By Nerea Gonzalez
Johannesburg, Apr 24 (efe-epa).- “We have a leopard!” Lauren, a safari guide in South Africa, tells hundreds of spectators from around the world who have tuned in to watch a live stream on the Wild Earth TV channel.
Since the Covid-19 pandemic took hold, virtual safaris brighten up the lives of thousands of people who are housebound due to mandatory lockdowns to contain the spread of the virus.
Reserves and large national parks in Africa attract millions of tourists each year but now remain closed. Even in countries where lockdowns have not been imposed, dwindling tourism has meant animals roam the savannah alone with just guides and caretakers looking out for them.
“Within just a few days of the first country starting to lock down, we saw a three-fold increase in our audience, a massive increase in our audience overnight, and it just keeps on growing and growing and growing,” Graham Wallington, director of Wild Earth TV, tells Efe.
“It is relaxing. It’s an opportunity to escape lockdown, to feel like you’re connected with other people, that you’re doing something that you’re out there in nature,” Wallington adds.
Wild Earth broadcasts two daily safaris at sunrise and sunset from Djuma’s South African private reserve and streams the tours on its YouTube channel.
In the broadcasts, guides answer questions sent by the public, especially children who watch from all over the world.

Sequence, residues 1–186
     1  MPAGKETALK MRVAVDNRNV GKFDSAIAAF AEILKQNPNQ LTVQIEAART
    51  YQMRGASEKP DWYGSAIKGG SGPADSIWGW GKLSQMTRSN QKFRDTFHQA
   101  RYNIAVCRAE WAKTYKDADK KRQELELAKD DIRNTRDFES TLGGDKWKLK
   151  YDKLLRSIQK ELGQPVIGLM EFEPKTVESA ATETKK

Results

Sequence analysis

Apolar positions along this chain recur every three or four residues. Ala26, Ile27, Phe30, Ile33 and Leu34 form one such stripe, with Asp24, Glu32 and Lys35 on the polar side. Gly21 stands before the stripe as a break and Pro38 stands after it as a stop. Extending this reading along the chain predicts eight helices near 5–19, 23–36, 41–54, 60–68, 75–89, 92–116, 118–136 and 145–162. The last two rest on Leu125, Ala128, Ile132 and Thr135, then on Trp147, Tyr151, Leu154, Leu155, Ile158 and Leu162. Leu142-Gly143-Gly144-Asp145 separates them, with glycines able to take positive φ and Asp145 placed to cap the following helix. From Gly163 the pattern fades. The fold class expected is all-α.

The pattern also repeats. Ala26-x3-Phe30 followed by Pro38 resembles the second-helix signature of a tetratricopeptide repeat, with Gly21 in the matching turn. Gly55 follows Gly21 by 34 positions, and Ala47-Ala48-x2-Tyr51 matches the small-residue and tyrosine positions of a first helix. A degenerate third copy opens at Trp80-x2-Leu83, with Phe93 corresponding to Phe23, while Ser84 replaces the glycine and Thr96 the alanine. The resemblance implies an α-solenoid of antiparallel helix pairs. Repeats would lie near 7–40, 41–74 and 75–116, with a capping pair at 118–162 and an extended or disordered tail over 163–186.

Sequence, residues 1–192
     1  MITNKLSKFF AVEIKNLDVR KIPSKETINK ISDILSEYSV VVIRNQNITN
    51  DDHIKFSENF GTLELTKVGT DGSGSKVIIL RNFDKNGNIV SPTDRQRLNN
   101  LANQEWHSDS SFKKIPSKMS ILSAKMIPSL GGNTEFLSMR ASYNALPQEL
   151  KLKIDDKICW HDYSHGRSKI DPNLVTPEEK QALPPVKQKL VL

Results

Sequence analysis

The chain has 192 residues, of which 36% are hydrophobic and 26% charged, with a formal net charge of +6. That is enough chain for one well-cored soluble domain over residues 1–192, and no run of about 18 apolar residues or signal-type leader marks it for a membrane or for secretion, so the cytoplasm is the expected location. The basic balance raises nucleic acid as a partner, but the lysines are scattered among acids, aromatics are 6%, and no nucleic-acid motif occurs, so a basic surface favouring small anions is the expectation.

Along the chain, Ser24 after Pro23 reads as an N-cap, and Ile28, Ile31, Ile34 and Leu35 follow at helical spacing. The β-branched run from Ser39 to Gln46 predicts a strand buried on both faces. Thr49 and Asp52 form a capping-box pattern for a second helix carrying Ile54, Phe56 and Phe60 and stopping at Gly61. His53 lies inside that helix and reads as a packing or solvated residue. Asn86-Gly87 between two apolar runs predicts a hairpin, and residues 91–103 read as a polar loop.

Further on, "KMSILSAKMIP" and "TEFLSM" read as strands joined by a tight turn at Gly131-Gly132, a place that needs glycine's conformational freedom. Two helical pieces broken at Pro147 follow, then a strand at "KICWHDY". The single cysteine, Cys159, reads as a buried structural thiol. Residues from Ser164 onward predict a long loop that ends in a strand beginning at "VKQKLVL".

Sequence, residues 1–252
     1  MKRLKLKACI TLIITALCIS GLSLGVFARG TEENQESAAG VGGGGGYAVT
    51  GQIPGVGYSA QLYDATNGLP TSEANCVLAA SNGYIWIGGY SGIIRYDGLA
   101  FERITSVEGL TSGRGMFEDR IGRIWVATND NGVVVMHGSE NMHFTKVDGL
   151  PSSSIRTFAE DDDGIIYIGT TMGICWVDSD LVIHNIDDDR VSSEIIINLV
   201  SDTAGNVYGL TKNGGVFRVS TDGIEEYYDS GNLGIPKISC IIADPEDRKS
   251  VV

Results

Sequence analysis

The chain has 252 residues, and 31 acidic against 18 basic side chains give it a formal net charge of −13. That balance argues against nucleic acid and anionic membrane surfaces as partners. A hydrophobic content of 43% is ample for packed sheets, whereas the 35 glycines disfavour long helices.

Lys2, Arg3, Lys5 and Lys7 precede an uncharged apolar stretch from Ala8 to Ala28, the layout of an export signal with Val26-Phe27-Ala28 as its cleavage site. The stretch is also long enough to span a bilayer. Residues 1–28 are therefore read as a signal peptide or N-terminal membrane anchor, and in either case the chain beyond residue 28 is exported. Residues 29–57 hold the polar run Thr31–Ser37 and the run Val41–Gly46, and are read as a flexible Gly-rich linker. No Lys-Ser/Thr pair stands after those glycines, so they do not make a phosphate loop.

“We need to be concerned about peoples’ mental health, people that are stuck at home. And this is a great way to just connect with nature, to get out and without risking getting the disease,” Wallington continues.
“I think a big factor of what attracts people is the fact it is unscripted,” he adds.
Spectators feel like they are in the vehicle with guides and rather than feeling like a T.V show it is more like an experience, the safari director says.
But this initiative is not the only option that offers a window to wild Africa.
Other projects in South Africa, the hub of the continent’s nature tourism, include live broadcasts from the Kruger Sightings and andBeyond channels streamed daily on YouTube.
Explore.org offers live views of gorillas in a national park in the Democratic Republic of the Congo and of the Kenyan Mpala research centre where hippos happily splash around in a pond.
And despite innovative initiatives emerging in the wildlife sector, the pandemic has put the world economy on tenterhooks and while some sectors will gradually recover, the medium-term effects on the tourism sector are expected to be devastating.
In Africa, a large volume of international tourism pivots on nature travel which not only provides an income but also supports the conservation of fauna and flora.
The safari industry is especially important for countries like Botswana, Kenya, Namibia, Rwanda, South Africa, Tanzania, Uganda or Zambia where this type of travel accounts for 80 percent of the income generated by international tourism.
In 2018, safaris left revenues of $12.4 billion in the aforementioned countries, according to the World Tourism Organization.
A survey conducted by SafariBookings.com in early April reported that almost all operators in the sector had seen a nearly 75 percent reduction in the number of bookings compared to similar dates in previous years.
Uncertainty over how the tourism sector will bounce back will hand a critical blow to economies and employment levels in many African countries.